Tuesday, November 12, 2013

What is Ambition: Milton's Look at Satan and Jesus

Some things I noticed in Paradise Regained is the portrayal of Christ, and how Milton does it a little differently than in Paradise Lost. In Paradise Lost, Christ is the Son of God who fights against Satan and wins, returning to our Father in Heaven in triumph. However, in Paradise Regained, Christ is a little more vulnerable, showing human weakness, such as feeling hunger and having "dreamed, as appetite is wont to dream / of meats and drinks, nature's refreshment sweet." Milton seems to give Jesus more human qualities as he is now experiencing human temptations.

Another interesting thing is the reference to Christ's ambition. He states in book 1 that he entertained the thought of doing great things, saying, "victorious deeds / flamed in my heart, heroic acts, one while / to rescue Israel from the Roman yoke." Christ, much like Milton seeks to go beyond the usual mark, to do something heroic and achieve things "not yet attained." This reference to Christ's ambition interested me because I usually associated Milton's ambition to be likened to Satan's ambition in Paradise Lost. We linked Satan's ambition and pride to be his downfall. However, now that Christ seems to have ambitions and dreams, it causes me to have a second look at what is driving these characters and what is driving Milton.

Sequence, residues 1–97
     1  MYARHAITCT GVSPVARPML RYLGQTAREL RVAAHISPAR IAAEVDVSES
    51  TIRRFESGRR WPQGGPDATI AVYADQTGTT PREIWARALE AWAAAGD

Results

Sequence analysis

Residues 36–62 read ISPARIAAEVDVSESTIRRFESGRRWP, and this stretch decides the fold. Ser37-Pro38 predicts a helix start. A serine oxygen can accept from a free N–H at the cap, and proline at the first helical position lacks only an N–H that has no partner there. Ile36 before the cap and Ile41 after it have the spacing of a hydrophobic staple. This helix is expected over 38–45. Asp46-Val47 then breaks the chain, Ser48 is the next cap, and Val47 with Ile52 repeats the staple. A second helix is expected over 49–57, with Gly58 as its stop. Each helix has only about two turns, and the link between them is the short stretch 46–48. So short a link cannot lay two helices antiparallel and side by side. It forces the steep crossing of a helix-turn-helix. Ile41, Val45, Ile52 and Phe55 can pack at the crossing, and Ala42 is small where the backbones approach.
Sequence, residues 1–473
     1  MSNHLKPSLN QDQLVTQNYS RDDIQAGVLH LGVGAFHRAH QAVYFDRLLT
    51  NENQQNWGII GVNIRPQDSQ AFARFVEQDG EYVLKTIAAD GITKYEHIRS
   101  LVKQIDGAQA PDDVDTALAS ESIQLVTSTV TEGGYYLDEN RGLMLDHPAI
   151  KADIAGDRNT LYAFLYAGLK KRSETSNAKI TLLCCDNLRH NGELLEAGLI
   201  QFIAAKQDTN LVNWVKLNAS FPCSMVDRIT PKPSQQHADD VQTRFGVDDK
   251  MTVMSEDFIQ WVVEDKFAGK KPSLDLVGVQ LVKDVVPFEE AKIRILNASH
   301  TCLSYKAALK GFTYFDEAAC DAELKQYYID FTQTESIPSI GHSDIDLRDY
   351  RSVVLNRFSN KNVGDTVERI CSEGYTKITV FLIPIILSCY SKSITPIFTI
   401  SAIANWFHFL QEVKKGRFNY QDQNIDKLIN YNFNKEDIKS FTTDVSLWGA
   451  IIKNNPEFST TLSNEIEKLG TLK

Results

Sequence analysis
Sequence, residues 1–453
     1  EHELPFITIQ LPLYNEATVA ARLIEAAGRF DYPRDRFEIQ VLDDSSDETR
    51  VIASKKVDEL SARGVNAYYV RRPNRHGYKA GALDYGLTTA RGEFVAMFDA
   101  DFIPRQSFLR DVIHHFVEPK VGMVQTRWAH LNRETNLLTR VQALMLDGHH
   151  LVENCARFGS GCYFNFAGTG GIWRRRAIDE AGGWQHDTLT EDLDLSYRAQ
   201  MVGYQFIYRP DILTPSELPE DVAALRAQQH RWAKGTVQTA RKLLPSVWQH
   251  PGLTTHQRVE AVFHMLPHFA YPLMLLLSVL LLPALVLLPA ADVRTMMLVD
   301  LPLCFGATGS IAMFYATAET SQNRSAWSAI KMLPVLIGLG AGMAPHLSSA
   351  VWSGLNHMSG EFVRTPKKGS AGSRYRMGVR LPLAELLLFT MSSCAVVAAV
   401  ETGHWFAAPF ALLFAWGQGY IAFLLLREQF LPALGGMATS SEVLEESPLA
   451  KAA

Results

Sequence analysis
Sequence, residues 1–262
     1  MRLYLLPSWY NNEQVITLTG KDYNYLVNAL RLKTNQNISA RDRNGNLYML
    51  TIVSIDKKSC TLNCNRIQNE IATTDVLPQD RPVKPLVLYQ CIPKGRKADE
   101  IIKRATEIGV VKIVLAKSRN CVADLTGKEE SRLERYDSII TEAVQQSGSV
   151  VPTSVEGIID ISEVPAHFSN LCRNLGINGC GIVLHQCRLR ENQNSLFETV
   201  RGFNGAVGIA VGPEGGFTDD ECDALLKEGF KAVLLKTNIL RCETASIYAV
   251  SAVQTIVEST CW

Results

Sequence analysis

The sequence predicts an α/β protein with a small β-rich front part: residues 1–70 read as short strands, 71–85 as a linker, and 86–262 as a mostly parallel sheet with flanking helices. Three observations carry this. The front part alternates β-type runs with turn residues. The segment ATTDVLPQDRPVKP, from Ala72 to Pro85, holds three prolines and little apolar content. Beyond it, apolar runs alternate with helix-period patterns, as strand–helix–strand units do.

I guess the question now is: what purpose does ambition serve? Is it alright to have ambition? Can Christ have ambition like Satan and still be the Son of God? I think maybe the difference that Milton manages to show between Christ and Satan in Paradise Regained is that while Christ, like Satan may have ambitions, he still answered to God. Perhaps where Satan went wrong is that he took it just a little too far. Perhaps that is why when Satan tries to tempt Christ, it doesn't work for a second because Christ has found that balance between ambition and obedience to God. That balance can never be obtained by Satan because he refuses to give a little of his ambitions and listen.  It's an interesting thought, one that I hope to explore a little more in my paper.

1 comment:

  1. You've identified a key issue (ambition) by exploring a identity (and the complex portrayal of Christ). It's interesting to get multiple channels by which to triangulate on Milton's views of deity. This is a good post that could lead further.